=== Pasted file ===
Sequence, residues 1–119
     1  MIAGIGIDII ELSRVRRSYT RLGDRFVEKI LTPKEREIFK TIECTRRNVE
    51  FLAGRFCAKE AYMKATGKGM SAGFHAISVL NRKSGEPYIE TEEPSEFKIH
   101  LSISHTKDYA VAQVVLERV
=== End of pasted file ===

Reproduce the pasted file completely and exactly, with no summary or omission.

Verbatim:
Sequence, residues 1–119
     1  MIAGIGIDII ELSRVRRSYT RLGDRFVEKI LTPKEREIFK TIECTRRNVE
    51  FLAGRFCAKE AYMKATGKGM SAGFHAISVL NRKSGEPYIE TEEPSEFKIH
   101  LSISHTKDYA VAQVVLERV